John Preston on Faith, Works, and Double Justification

Continuing with the series on future justification(s), I would like to now give a slightly different perspective. I don’t think it is wholly at odds with Diodati or Pictet (later writers could combine the perspectives without much trouble), but it certainly reads James differently. Rather than appealing to two different types of justification, an initial and a final, this perspective understands justification to always be by faith alone, but it insists that the faith is itself a working faith. Later types of justification are opportunities to justify the first justification, or to prove that the faith was true faith.

One representative of this type of reading would be John Preston. There have been some critics of Preston lately who would say that he’s out of the mainstream of the Reformed tradition, but I think this is false. The work which I had access to of his was a posthumous publication put out by Richard Sibbes and John Davenport. Thomas Goodwin also printed Preston’s work. So however one may choose to criticize Preston, it is historically the case that Puritan mainstays looked up to him with respect and admiration. Regarding English Reformed and Westminsterian theology, Preston is a legitimate father in the faith.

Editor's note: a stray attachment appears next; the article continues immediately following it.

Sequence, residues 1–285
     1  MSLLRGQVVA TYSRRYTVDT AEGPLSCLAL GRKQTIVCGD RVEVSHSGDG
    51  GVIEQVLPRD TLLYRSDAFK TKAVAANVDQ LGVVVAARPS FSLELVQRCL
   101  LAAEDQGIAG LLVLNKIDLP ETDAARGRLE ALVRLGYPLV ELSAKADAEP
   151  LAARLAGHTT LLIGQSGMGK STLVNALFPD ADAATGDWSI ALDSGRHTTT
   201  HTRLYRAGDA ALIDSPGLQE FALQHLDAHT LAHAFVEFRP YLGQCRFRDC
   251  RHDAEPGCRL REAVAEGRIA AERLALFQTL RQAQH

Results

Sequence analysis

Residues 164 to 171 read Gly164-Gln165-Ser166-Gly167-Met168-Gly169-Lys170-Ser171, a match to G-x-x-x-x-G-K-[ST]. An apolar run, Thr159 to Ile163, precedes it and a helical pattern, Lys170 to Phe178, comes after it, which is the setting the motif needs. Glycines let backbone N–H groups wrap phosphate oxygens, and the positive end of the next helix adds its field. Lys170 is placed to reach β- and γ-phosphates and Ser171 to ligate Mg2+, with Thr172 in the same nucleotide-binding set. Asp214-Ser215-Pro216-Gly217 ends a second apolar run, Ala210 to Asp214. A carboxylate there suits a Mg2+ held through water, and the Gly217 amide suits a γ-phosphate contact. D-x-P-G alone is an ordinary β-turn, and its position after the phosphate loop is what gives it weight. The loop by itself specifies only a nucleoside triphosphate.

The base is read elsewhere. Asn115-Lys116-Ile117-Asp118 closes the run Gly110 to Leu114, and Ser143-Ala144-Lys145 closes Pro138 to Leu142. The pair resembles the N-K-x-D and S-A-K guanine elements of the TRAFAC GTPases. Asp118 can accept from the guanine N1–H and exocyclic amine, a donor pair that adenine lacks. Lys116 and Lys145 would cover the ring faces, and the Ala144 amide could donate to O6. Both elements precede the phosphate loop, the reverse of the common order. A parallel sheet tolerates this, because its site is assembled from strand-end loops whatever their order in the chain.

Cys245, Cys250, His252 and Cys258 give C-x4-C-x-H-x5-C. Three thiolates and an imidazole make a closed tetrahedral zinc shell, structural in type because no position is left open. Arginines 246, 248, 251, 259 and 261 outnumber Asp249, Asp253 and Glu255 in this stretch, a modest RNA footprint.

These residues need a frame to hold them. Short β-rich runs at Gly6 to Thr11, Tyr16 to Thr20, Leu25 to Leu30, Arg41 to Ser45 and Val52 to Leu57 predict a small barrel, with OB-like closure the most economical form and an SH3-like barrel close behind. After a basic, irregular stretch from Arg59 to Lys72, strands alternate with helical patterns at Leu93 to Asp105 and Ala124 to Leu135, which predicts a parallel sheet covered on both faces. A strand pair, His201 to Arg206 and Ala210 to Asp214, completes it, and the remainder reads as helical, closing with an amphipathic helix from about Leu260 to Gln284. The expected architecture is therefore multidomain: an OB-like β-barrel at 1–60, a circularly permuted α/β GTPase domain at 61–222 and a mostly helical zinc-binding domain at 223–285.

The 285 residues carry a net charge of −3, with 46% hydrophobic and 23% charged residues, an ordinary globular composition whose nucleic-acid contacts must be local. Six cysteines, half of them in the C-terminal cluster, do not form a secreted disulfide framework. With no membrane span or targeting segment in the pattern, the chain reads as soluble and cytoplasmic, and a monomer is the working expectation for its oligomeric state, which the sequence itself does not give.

Now to the subject at hand. Continue reading